The Iliotibial band is a thick tendon that inserts on the outside of your knee. The function of the Iliotibial band is to help slow movement and torque at your knee during impact. Iliotibial band syndrome is a common cause of knee pain in runners.
The cause is repetitive trauma to the Iliotibial band insertion on the outside of the knee resulting in tendonitis and severe lateral knee pain while running. Eventually this condition will result in degeneration of the tendon and progress to a condition called tendinosis. This means there will be excessive tightness due to abnormal scar formation and may become a source of chronic knee pain for the runner.
A thorough subjective and objective examination from a physiotherapist is usually sufficient to diagnose Iliotibial band syndrome – investigations such as an ultrasound or MRI may be used to assist with diagnosis.
Most cases of Iliotibial band syndrome settle well with appropriate physiotherapy. This requires careful assessment by the physiotherapist to determine which factors have contributed to the development of the condition, with subsequent correction of these factors.
The success rate of treatment is largely dictated by patient compliance.
The key components of treatment
The patient rests sufficiently from ANY activity that increases their pain until they are symptom free. Activities which place large amounts of stress through the ITB should be minimised, these include: running, squatting, jumping, and going up and down stairs.
Exercising into pain must also be avoided. This allows the body to begin the healing process in the absence of further tissue damage. Once the patient can perform these activities pain free, a gradual return to these activities is indicated provided there is no increase in symptoms.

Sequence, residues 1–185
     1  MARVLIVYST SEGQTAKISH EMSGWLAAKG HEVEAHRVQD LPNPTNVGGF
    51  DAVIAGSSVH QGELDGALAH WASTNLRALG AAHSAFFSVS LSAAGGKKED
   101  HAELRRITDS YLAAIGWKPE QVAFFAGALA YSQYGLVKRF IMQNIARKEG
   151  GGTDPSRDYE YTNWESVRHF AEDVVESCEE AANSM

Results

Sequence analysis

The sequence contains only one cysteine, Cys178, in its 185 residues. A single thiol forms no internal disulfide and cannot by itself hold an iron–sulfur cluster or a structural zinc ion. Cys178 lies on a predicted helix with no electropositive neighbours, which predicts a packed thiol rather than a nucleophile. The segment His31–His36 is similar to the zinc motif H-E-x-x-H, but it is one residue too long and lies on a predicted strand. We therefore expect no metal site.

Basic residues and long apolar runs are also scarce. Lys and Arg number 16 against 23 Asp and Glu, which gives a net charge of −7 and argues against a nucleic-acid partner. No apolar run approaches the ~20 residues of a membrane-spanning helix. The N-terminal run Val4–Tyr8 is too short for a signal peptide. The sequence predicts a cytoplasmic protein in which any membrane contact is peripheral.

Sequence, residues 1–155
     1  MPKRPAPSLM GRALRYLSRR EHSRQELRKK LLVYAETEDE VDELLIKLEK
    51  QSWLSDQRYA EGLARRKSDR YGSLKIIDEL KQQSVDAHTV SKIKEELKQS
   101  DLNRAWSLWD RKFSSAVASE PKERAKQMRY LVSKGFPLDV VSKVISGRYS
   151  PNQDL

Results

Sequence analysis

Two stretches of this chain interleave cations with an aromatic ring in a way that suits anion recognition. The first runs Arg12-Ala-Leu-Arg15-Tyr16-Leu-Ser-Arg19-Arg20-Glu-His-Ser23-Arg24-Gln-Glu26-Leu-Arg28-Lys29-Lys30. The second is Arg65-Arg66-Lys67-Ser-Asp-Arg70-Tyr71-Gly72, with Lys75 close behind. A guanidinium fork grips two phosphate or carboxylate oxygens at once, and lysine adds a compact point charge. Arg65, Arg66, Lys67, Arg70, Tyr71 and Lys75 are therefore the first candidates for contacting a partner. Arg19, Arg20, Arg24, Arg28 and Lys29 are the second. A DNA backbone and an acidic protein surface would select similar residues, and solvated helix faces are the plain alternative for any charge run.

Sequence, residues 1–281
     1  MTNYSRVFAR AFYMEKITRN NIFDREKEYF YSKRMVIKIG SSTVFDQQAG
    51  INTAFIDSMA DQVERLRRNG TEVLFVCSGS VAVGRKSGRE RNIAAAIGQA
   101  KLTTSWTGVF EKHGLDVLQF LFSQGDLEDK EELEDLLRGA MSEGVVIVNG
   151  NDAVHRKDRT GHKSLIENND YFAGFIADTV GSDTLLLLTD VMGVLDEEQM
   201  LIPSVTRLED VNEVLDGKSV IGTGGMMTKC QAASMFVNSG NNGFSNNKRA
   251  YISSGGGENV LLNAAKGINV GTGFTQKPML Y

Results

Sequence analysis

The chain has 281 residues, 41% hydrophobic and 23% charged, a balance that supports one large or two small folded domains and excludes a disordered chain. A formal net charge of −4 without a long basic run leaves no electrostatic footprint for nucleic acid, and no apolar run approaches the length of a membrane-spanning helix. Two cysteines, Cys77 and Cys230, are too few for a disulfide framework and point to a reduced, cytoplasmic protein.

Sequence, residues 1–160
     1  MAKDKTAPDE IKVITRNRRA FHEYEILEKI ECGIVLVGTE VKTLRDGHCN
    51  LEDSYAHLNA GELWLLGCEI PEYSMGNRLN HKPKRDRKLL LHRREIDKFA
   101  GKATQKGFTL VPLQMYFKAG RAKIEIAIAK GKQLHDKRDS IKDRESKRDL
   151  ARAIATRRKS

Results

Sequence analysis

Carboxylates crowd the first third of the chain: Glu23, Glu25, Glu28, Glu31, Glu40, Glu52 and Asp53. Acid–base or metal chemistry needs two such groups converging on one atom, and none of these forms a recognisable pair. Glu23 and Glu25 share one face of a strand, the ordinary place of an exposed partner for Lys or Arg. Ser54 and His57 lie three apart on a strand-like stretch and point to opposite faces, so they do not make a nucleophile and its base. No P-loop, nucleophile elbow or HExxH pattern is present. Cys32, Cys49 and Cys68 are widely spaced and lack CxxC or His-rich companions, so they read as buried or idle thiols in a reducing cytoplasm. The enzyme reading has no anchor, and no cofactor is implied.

Ignoring symptoms or adopting a ‘no pain, no gain’ attitude is likely to lead to the problem becoming chronic. Immediate, appropriate treatment in patients with this condition is essential to ensure a speedy recovery. Once the condition is chronic, healing slows significantly resulting in markedly increased recovery times.
The R.I.C.E regime is beneficial in the initial phase of the injury (first 72 hours) or when inflammatory signs are present (i.e. morning pain or pain with rest).
The use of a compression bandage and keeping the leg elevated.
Anti-inflammatory medication may also significantly hasten the healing process by reducing the pain and swelling associated with inflammation.
Exercises. Patients should perform pain-free flexibility and strengthening exercises as part of their rehabilitation to ensure an optimal outcome. One of the key components of rehabilitation is pain-free stretching of the ITB along with pain-free strengthening of the vastus medialis obliquus muscle (VMO). This is often in combination with core stability, pelvic and gluteal strengthening exercises to improve the control of the knee with weight-bearing activities.
Your Physiotherapist can advise which exercises are most appropriate and when they should be commenced.